I had a profound aha this last week that yes there are times when I do not speak my needs or feelings and I am only sacrificing myself. Maybe I fear rejection or abandonment and truly sometimes it is just not worth it as with this receptionist but I don’t want to run from my authenticity by masking my emotions with a pretend peace.
The Indian epic and yoga bible, The Bhagavad Gita which is set on a battled-field, the main character, warrior Arjuna says he would rather walk away from the kingdom than fight for his right to it. Arjuna is a warrior – this is literally his job AND the kingdom was stolen from his family which has put not only the kingdom into great chaos but also the greater flow of life. His purpose clearly is to fight this battle. Krishna who represents Arjuna’s higher nature or Divine Self counsels him that it is his duty to come forward and stay in a place of purpose AND to do so with sattva (clarity and peace). Krishna tells Arjuna that he is just running away and running is dishonorable and unworthy as well as grievous to our selves and our Divinity.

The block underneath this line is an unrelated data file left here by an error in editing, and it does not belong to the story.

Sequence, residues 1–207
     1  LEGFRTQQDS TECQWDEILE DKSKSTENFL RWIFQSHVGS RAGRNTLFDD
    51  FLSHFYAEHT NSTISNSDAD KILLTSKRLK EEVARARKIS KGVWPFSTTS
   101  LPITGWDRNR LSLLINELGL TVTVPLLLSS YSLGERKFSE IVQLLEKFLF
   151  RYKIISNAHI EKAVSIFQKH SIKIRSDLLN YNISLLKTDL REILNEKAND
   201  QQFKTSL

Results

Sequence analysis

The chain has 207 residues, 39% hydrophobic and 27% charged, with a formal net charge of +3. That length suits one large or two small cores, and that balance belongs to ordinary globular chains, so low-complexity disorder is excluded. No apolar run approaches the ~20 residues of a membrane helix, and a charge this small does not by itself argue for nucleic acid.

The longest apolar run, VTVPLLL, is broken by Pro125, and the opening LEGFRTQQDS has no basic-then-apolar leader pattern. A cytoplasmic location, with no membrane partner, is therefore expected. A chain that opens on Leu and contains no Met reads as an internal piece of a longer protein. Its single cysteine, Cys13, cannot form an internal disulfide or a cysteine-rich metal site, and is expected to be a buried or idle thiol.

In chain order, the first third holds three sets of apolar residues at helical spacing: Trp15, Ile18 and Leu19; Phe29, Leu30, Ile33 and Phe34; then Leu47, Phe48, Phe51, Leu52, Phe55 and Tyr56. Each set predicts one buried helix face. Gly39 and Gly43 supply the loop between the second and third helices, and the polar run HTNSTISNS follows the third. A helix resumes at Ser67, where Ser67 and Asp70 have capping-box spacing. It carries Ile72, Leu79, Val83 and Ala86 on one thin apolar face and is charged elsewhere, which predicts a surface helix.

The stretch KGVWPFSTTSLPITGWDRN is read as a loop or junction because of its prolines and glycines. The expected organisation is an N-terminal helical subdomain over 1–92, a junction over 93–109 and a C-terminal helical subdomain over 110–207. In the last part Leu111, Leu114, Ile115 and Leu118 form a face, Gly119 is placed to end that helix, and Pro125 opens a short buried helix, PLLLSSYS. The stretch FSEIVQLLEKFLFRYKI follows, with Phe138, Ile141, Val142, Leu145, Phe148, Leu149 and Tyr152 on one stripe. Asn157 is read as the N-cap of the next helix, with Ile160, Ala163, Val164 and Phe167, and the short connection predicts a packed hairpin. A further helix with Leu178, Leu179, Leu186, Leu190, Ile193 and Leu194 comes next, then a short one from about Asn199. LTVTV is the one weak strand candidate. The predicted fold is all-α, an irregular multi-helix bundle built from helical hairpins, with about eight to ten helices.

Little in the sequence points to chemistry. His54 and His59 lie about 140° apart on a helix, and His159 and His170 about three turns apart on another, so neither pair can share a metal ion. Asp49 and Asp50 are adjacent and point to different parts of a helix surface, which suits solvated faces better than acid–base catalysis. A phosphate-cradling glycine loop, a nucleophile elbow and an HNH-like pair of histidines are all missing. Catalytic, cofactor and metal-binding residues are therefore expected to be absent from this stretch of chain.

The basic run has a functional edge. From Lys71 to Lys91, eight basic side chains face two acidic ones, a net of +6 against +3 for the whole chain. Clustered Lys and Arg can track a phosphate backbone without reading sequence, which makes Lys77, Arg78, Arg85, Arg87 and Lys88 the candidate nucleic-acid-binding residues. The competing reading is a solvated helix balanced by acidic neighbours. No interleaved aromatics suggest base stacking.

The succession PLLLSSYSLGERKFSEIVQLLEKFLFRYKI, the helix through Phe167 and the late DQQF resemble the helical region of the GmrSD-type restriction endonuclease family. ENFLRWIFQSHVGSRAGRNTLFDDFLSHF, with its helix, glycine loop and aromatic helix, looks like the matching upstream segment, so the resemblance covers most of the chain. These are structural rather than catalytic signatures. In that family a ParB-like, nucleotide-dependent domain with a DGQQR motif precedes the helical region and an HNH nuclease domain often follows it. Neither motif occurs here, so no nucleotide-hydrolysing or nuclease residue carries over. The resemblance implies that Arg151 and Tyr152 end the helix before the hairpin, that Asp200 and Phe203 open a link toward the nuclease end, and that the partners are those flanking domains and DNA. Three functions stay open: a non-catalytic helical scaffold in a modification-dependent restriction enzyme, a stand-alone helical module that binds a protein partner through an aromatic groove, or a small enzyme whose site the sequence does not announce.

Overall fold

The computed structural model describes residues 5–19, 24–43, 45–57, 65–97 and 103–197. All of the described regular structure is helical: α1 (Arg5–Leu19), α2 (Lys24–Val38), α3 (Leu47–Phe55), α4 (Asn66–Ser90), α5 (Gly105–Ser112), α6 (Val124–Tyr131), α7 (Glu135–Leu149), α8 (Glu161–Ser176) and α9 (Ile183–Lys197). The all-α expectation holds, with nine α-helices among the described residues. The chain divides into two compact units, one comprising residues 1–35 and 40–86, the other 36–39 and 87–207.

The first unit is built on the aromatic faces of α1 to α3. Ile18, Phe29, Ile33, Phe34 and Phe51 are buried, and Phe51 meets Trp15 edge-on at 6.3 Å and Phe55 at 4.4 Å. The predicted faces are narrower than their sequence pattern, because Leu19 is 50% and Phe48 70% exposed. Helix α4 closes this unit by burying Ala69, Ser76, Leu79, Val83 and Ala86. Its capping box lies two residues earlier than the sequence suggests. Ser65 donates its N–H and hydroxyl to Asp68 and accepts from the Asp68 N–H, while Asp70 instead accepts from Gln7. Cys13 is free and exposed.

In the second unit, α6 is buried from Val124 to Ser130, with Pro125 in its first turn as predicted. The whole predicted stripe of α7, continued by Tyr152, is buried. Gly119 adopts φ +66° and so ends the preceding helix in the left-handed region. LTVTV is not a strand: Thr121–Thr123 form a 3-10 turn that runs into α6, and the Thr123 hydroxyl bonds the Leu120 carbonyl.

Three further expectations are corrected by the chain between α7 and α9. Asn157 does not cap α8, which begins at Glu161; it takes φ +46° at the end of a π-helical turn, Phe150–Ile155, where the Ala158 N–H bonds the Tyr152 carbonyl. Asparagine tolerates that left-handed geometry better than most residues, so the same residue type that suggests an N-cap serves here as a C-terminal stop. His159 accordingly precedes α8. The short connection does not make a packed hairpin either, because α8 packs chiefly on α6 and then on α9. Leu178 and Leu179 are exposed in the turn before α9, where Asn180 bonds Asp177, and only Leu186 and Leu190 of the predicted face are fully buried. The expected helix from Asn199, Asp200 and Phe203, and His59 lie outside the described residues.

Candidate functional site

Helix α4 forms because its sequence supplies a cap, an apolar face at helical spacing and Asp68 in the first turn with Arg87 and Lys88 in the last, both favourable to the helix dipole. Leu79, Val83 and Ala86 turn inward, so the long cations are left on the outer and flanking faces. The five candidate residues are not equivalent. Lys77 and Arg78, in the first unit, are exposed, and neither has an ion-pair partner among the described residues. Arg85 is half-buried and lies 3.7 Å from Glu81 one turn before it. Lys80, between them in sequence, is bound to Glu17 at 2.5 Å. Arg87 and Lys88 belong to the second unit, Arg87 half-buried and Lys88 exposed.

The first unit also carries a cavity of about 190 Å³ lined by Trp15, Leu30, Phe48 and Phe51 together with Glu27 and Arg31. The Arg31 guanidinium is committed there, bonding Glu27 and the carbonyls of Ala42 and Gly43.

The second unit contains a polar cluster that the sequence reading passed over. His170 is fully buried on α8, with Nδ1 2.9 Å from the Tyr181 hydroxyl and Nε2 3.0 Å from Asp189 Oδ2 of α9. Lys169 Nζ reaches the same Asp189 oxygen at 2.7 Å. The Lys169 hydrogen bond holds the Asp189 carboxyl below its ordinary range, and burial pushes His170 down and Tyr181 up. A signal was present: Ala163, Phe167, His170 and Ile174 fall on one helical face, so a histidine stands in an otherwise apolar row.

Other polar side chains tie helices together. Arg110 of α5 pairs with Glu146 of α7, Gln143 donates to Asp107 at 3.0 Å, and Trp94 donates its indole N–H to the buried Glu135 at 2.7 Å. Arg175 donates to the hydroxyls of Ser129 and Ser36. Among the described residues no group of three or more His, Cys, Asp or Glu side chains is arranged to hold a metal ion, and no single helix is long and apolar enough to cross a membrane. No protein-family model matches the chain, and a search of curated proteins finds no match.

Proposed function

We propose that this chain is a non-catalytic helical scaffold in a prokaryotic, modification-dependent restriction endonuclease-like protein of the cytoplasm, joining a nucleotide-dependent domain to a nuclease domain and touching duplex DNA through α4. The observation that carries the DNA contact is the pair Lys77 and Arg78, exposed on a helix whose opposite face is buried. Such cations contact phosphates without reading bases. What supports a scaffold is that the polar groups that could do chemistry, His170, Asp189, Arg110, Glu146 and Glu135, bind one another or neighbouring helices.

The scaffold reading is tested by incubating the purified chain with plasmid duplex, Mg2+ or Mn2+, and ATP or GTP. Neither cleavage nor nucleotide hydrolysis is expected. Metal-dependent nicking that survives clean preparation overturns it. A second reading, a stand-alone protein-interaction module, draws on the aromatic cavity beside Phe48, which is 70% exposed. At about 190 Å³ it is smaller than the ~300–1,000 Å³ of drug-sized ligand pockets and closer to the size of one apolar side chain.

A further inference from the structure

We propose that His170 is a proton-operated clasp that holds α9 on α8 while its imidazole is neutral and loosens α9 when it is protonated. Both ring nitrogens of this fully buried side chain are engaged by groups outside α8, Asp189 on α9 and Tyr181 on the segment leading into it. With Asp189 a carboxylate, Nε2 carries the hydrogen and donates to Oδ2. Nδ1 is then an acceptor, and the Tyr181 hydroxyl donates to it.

Does the battle of The Bhagavag Gita sound familiar? Do you run from battle when you need to stand firm in your purpose and intention?
I wrote last week about surfing the wave of life with strength and ease. Maybe part of strength and ease means speaking our needs – not with expectation or entitlement but to stay in purpose (dharma) and union (yoga). When I do not speak my needs in order to make another happy or to avoid ruffling their feathers, I am not being authentic. I am not, therefore practicing ahimsa (non-violence) or satya (integrity with my word). I am also not honoring the light within me or even another.